End of Life Care (EoL) in the Paediatric Critical Care Unit (PICU)

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To demonstrate my learning in clinical practice, I have also chosen to submit my agenda from earlier on in the term regarding a patient who I have had the privilege of caring for throughout my time on the CCCU. When I originally created my learning plan, this was not a case that I envisioned I would have an opportunity to be indirectly apart of, however being able to see how the healthcare team and ethicists worked as a team was interesting to see. In this case, the healthcare team worked as a unit to ensure the needs of both the family and patient were met and both were supported throughout the process. Having a background in ethics, it was interesting to see the beginning stages of how ‘best interests’ , ‘defining quality of life’ and ‘uncertainty for the care/patient’s health trajectory’ were determined and the process in which the unit managers advocated to can host multiple one-to-one meetings with the ethicists and nurses on the patients’ core team to share their feelings and feel involved in the process, particularly with how morally distressing it was for all involved.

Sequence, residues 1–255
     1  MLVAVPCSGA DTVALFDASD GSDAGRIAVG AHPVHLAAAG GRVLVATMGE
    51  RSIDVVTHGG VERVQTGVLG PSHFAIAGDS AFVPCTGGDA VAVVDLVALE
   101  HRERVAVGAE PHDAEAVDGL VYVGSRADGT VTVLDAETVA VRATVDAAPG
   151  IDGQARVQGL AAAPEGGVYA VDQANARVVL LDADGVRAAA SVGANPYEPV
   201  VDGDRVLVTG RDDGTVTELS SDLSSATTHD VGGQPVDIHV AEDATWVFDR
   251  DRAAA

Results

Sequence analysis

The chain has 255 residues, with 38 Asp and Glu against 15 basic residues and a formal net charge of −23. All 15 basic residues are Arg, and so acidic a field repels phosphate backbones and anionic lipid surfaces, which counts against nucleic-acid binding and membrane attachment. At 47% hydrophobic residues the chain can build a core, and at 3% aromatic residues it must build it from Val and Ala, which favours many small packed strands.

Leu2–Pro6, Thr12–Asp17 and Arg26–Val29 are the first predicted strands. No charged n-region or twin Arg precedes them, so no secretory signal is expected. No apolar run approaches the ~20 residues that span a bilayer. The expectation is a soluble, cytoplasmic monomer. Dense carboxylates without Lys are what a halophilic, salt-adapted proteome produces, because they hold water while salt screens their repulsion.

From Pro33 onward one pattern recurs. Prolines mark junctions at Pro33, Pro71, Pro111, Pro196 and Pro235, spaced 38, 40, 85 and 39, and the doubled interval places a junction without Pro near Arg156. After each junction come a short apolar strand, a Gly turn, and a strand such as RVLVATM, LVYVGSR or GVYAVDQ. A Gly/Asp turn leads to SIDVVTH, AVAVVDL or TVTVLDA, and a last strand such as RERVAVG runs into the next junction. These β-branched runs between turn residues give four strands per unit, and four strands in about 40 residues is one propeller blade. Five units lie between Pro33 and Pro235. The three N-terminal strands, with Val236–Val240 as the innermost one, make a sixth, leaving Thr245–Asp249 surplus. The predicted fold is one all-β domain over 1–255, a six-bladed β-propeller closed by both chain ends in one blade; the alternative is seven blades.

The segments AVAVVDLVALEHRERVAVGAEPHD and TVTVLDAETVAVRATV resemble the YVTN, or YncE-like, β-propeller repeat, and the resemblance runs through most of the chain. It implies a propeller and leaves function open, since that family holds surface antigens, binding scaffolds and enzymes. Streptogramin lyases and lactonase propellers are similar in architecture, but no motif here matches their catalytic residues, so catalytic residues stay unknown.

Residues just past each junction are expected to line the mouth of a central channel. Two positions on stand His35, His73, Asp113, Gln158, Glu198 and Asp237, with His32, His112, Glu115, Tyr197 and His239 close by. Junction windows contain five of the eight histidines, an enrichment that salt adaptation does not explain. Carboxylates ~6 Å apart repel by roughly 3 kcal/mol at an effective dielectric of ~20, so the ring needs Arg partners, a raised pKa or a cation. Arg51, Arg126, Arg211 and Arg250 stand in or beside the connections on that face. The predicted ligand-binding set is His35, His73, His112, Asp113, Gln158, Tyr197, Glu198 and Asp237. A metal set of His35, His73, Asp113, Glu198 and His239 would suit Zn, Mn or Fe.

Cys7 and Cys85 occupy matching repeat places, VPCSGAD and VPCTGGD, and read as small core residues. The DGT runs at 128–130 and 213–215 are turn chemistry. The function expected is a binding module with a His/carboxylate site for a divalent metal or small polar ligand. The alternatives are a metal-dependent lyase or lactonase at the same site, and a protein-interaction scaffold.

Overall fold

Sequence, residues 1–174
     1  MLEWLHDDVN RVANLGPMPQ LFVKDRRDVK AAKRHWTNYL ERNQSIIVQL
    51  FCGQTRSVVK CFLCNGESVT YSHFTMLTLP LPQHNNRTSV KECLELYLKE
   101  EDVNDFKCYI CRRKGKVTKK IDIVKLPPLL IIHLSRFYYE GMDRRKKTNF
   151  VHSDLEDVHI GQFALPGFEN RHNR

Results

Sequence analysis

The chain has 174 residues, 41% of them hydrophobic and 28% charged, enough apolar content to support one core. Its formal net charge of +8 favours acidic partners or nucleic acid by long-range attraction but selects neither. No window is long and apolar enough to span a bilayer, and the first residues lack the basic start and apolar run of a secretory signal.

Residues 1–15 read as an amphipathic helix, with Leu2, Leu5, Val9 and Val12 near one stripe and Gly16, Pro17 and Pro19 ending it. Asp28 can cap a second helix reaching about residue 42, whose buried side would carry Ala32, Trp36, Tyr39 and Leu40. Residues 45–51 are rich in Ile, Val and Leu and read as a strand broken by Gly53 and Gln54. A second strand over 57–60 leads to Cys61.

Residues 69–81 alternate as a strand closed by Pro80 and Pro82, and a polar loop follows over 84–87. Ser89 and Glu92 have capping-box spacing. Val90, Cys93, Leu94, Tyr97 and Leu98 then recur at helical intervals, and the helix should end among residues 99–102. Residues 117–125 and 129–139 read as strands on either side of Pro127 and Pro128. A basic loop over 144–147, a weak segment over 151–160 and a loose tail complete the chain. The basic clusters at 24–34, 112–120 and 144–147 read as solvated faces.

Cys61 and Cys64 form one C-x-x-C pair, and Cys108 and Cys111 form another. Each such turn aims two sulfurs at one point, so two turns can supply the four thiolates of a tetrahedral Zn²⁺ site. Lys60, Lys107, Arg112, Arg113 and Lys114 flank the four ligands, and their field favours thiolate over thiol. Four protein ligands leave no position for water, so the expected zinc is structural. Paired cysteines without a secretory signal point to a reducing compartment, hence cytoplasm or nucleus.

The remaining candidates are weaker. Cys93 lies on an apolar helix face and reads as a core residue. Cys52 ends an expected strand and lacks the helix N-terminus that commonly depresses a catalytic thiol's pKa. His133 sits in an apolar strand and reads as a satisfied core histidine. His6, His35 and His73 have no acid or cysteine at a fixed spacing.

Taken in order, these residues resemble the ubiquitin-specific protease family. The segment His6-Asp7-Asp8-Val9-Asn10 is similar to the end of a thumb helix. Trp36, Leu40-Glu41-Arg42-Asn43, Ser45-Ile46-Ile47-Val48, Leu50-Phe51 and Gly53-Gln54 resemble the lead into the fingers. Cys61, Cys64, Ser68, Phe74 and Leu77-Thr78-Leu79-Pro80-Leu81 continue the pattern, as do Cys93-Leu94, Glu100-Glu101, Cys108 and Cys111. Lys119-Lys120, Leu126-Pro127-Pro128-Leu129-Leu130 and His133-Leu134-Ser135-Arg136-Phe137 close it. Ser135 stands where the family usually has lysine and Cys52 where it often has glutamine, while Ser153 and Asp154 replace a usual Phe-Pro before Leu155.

At some point in the career of a nurse a morally distressing situation will arise. An example of this will be the recent news reports of nurses and physicians on the frontline in Italy having to ration healthcare resources and ventilators on patients who are deemed to have the ‘best chance of survival’ rather than on other factors such as ‘first come first serve’. Being able to understand the topic of moral distress and the ethics being quality of life and how decisions are sometimes made is so important to understand and having the opportunity research this topic I feel slightly more aware of the resources and tools out there that are used daily when making tough decisions. Unfortunately, the reality is morally distressing situations will continue to increase as technology helps to prolong people’s lives (ex. ventilators). This will further beg the question of determining quality of life and whether we should be prolonging people’s lives artificially when we face bed and resource shortages in our system. As a nurse understanding this topic is vital to reducing that stress and will hopefully allow me to be resourceful in helping others facing these situations while on a unit. What went well was the process of finding information and having the opportunity to present this information in a creative and engaging way. For me, visuals play an important part in being able to understand information without the sensation of feeling overwhelmed by large amounts of information or writing. In a society where people are often in a rush I find it important to use these opportunities to be creative in hopes that one day I might be able to use the information on my unit or allow others to learn from it should the topic be relevant to them. Additionally, I enjoyed the process of researching this topic and found that the information was relatively easy to access and I had the opportunity to see the intitial stages of the ethics process unfold on my unit, which was evident from the agenda that has been submitted in addition to the infographic.  For the process of the learning plan I would say it differed significantly from my previous opportunities to fulfill all aspects of my learning plan with the disruption to the term and having our placements cut abruptly. In my case, I wish I had arranged to meet with the ethicist earlier on in the process, while I was directed to the resources they used it would have been nice to perhaps sat through an ethical case (particularly the one on my floor) and examine the process more closely. However, with the events currently unfolding it was not possible to do so and likely would not be able to be done until after SickKids and McMaster would have granted me the opportunity to return.